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I start with 1.25 lbs. 80% ground beef, and roll into 3 equal balls. I take each ball and start working it between the palms of my hands into a flat disk. The technique is to press and turn, flattening the sides with the thumbs. Press and turn again, always flattening the sides with the thumbs. Continue this process until the meat patty is about 1/2 inch thick. Make sure that the patty is thinner in the center and thickens as it approaches the rim. This will insure that as the meat draws towards the center, and thickens, it will be the same thickness throughout when completely cooked through. The center will be done at the same time as the ourter edges, and the whole thing will retain its juices as you will be able to more accurately gauge when it is done and keep from overcooking.

As mentioned above, do not squish with a spatula as this will squeeze the juices from the meat. Lightly salt as the burger is cooking.

Another tip; if you add one egg per pound of ground beef, the burgers will shrink less, and hold their juices better. You won't have to be so careful when forming the raw patties.

Seeeeeeya; Goodweed of the North
 

JoAnn L.

Master Chef
Joined
Jun 3, 2006
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5,380
Location
upper midwest
I start with 1.25 lbs. 80% ground beef, and roll into 3 equal balls. I take each ball and start working it between the palms of my hands into a flat disk. The technique is to press and turn, flattening the sides with the thumbs. Press and turn again, always flattening the sides with the thumbs. Continue this process until the meat patty is about 1/2 inch thick. Make sure that the patty is thinner in the center and thickens as it approaches the rim. This will insure that as the meat draws towards the center, and thickens, it will be the same thickness throughout when completely cooked through. The center will be done at the same time as the ourter edges, and the whole thing will retain its juices as you will be able to more accurately gauge when it is done and keep from overcooking.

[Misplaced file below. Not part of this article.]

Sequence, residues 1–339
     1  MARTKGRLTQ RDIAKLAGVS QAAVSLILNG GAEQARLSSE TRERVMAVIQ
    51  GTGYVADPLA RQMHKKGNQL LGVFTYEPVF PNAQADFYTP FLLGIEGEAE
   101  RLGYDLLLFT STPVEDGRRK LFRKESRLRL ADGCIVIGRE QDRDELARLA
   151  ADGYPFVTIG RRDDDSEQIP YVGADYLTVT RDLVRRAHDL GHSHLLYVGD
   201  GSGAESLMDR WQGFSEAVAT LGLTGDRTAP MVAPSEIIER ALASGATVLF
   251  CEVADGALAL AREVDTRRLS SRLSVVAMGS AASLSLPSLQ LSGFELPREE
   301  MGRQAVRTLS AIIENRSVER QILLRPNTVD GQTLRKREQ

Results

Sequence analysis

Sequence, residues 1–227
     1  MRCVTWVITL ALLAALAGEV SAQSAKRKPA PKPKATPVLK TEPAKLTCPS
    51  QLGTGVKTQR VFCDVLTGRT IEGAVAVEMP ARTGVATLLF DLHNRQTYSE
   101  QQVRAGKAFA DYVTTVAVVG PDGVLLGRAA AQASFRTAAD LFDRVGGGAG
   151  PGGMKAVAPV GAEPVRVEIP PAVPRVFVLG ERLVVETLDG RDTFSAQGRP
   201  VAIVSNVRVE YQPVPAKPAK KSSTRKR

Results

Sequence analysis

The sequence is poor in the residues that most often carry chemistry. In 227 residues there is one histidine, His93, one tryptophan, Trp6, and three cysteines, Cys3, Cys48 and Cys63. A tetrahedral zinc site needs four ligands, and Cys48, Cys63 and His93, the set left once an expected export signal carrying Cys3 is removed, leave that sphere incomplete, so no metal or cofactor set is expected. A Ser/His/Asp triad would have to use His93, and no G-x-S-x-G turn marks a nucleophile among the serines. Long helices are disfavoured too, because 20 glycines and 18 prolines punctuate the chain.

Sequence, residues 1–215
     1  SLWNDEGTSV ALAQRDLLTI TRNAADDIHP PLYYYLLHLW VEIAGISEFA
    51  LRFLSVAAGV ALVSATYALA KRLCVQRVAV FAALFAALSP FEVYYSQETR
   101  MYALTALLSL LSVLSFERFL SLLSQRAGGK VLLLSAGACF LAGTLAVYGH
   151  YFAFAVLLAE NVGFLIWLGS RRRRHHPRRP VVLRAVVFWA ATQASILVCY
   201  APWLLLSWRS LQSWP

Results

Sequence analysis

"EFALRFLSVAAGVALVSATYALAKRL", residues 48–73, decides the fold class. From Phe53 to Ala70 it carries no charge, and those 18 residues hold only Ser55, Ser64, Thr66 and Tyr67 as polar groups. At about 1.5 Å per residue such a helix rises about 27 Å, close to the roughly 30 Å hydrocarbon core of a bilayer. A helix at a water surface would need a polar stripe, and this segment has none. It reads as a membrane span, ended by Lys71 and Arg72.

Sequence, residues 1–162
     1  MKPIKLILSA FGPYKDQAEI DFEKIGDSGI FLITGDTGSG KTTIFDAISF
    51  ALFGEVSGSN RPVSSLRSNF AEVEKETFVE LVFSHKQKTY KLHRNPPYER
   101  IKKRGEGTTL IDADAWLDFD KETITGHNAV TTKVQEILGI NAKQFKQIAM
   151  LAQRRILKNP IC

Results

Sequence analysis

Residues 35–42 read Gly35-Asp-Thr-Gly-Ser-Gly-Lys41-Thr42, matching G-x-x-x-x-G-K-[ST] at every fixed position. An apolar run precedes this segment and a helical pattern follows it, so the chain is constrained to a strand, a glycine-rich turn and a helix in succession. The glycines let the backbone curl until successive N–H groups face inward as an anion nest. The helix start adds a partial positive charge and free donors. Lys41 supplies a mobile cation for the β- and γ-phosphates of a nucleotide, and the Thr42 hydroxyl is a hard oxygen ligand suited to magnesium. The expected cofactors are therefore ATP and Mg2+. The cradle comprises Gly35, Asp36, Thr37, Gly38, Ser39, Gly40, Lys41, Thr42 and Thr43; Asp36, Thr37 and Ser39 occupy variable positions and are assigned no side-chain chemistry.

As mentioned above, do not squish with a spatula as this will squeeze the juices from the meat. Lightly salt as the burger is cooking.

Another tip; if you add one egg per pound of ground beef, the burgers will shrink less, and hold their juices better. You won't have to be so careful when forming the raw patties.

Seeeeeeya; Goodweed of the North

What wonderful advice. Thanks, JoAnn
 

mozart

Senior Cook
Joined
Dec 2, 2007
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446
Location
SW Florida
Thanks for posting Aunt Dot. That's why I bought a grinder. It's my understanding that beef that is ground at home (assuming safe and appropriate food handling practices) is at almost no risk of e-coli contamination. Especially if it is ground from one piece of meat and used right away. That allows you to make burgers that are more on the rare side without risk. Is that right?

Hi FM,

There certainly is a much lower risk in the process you mention, but I wouldn't go as far as saying without risk.

Ground beef is a problem because sometimes the outside of the beef chunks are contaminated. Then when it is ground, the outside becomes the inside:rolleyes:

This can happen at home too, of course, if the beef you are using was contaminated and improperly stored at the store before you brought it home.

But food poisoning from E coli and other bacteria is really a numbers game. In small numbers, most folks immune systems will overcome the bacteria. If the bacteria has been allowed to multiply in sufficient numbers, and then are ingested, most everyone is susceptible.

So the time factor is important. The problem is it could have been sitting a 49 degrees multiplying for quite a while at the store before you even bought it.